Colleagues from The Peter Harrison Centre for Disability Sport (PHC), in collaboration with RGK Wheelchairs and staff of The All England Lawn Tennis Club (AELTC), investigated how wheelchair tennis under different chair configurations and surface hardness impacts the grass surface on which the iconic tournament is played.
The findings will inform AELTC ground staff teams with valuable insights to assist the scheduling of the wheelchair tennis matches depending on surface hardness.
It is hoped that Loughborough’s findings will encourage organisers to schedule even more Wheelchair Tennis matches on SW19's Show Courts in the future.
Lead researcher Professor Vicky Tolfrey explained: “This was a fantastic opportunity bringing together a mixed methods design of technical performance data with qualitative methods of gathering the perceptions of the players.
“I thank Prof Nick Webborn CBE and Geoff Newton OBE (Chair and Former Vice-Chair of the British Paralympic Association) with posing this interesting research question to us. While we have an international academic track record within the sport of wheelchair tennis, this project brought a whole new dimension raising the interest of AELTC colleagues over the three days while we gathered data at Wimbledon.
“In addition, Sandi Procter (LTA President) expressed a keen interest in the project, which will enable us to disseminate our work alongside both the AELTC and LTA to the wider tennis community over the coming months.”
The vigorous testing period involved elite-level athletes – including five-time wheelchair tennis Wimbledon champion Gordon Reid – undergoing a series of drills on court.
Geoff Newton OBE, former Vice-Chair of the British Paralympic Association, added: “The learnings from this research will assist the AELTC, LTA, and the International Tennis Federation (ITF), together with other grass court venues, in the further development of wheelchair tennis on grass.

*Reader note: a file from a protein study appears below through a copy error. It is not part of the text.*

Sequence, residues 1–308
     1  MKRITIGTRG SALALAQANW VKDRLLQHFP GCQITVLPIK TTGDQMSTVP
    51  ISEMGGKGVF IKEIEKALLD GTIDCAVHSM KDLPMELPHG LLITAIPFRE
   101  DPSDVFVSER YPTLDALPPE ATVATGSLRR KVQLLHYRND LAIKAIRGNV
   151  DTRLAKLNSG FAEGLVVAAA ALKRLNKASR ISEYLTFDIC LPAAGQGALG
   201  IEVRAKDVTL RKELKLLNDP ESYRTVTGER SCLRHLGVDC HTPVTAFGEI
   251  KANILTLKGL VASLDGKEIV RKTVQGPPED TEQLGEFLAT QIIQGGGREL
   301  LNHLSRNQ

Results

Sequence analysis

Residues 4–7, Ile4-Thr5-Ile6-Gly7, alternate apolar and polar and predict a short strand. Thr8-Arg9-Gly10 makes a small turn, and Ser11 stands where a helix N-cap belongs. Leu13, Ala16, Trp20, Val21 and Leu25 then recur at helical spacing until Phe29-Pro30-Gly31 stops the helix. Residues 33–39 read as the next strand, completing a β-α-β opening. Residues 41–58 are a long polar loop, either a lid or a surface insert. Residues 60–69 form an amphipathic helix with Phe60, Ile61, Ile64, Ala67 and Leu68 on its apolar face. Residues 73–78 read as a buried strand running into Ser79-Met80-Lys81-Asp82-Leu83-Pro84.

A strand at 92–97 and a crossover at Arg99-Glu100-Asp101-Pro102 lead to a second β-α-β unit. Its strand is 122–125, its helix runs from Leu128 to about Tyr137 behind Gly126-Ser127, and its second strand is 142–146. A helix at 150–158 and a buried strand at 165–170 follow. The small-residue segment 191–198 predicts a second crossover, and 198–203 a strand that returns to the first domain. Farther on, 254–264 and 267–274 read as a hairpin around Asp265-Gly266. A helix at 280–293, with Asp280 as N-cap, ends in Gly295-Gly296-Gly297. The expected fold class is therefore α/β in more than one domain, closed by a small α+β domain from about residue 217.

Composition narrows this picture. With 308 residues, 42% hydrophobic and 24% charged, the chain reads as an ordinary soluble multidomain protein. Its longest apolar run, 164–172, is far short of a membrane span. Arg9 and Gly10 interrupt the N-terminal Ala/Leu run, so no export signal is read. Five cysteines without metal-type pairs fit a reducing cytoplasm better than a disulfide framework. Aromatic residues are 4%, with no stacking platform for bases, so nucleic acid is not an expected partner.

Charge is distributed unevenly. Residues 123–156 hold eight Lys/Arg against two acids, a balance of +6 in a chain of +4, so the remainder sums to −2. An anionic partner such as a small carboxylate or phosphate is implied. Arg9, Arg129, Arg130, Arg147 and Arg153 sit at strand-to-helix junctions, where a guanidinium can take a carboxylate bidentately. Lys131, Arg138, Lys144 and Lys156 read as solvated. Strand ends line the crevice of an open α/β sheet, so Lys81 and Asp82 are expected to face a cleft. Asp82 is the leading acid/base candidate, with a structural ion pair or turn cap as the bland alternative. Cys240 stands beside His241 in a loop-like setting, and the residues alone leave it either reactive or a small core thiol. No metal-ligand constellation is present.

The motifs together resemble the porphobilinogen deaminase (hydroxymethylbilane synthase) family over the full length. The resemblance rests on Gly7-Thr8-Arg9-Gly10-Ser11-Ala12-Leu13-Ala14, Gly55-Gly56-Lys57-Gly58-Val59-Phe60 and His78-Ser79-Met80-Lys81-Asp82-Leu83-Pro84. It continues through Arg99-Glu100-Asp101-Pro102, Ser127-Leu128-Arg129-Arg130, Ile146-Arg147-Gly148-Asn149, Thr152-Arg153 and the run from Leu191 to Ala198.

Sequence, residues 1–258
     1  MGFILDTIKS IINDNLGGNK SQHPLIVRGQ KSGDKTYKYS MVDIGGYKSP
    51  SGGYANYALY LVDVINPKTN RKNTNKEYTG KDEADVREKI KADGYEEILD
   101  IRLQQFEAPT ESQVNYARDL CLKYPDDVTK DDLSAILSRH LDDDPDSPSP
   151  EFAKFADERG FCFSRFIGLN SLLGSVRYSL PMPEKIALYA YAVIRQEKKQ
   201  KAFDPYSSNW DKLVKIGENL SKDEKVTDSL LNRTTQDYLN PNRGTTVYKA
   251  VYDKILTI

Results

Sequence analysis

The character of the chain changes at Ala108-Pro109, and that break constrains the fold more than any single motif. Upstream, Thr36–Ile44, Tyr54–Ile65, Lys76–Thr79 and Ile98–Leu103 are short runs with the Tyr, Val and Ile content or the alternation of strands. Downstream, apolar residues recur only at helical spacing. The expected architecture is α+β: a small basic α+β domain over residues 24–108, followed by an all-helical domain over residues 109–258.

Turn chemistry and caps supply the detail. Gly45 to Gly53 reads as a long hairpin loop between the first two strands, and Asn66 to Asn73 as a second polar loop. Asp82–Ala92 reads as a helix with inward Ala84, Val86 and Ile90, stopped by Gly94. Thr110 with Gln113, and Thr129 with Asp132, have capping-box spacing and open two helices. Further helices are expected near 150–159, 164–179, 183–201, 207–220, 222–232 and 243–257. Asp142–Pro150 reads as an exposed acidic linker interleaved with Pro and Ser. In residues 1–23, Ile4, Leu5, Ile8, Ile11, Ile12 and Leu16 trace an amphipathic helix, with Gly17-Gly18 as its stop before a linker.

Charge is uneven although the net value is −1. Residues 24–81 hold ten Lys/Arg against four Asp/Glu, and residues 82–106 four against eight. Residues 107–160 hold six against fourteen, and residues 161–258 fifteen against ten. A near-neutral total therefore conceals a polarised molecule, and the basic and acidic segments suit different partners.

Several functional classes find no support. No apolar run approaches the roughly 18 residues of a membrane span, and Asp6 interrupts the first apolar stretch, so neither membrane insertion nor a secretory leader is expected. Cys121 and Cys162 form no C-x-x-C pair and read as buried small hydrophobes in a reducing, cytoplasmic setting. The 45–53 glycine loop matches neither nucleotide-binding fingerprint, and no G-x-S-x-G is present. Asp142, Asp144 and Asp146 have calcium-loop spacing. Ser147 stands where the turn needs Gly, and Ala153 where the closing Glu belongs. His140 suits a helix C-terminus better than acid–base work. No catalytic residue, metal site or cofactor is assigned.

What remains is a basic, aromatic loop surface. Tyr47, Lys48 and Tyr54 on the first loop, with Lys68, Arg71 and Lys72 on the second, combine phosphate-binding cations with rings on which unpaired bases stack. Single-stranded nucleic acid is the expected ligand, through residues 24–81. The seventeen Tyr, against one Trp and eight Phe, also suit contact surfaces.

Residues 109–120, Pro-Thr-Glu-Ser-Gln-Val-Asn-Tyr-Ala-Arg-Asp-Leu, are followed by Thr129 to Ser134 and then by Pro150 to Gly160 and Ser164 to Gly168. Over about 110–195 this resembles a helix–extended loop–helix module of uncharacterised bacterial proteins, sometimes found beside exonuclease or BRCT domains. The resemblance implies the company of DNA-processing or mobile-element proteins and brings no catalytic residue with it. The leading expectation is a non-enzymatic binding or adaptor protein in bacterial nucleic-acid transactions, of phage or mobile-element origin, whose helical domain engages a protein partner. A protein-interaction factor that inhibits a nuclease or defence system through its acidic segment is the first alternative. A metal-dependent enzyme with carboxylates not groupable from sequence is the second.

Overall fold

“There’s strong potential to transfer these learnings to other events in the run up to The Championships. This will hopefully give host venues the confidence to include wheelchair tennis, thus providing additional opportunities for wheelchair players to hone their skills on grass.”
Geoff added: “With benefits both here in the UK and overseas, we’re sure that this research will help players improve their performance on this surface. We’re grateful to all those involved in making this project possible.”
Gordon Reid said: “Playing on grass is physically more challenging, the movement gets heavier and there is less momentum, it’s hard work. So, for that, I’m grateful and excited about this research.
“The different set ups and the testing has been great, I think it will have a positive impact on my performance and the wear and tear on my body”.
The findings from the study are due to be presented to The All England Lawn Tennis Club in due course.
For more information on Peter Harrison Centre for Disability Sport, visit: www.lboro.ac.uk/research/phc/